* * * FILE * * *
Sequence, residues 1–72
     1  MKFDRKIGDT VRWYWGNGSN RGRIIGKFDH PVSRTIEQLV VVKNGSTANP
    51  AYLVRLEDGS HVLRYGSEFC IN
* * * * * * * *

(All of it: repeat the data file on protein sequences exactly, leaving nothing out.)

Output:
Sequence, residues 1–72
     1  MKFDRKIGDT VRWYWGNGSN RGRIIGKFDH PVSRTIEQLV VVKNGSTANP
    51  AYLVRLEDGS HVLRYGSEFC IN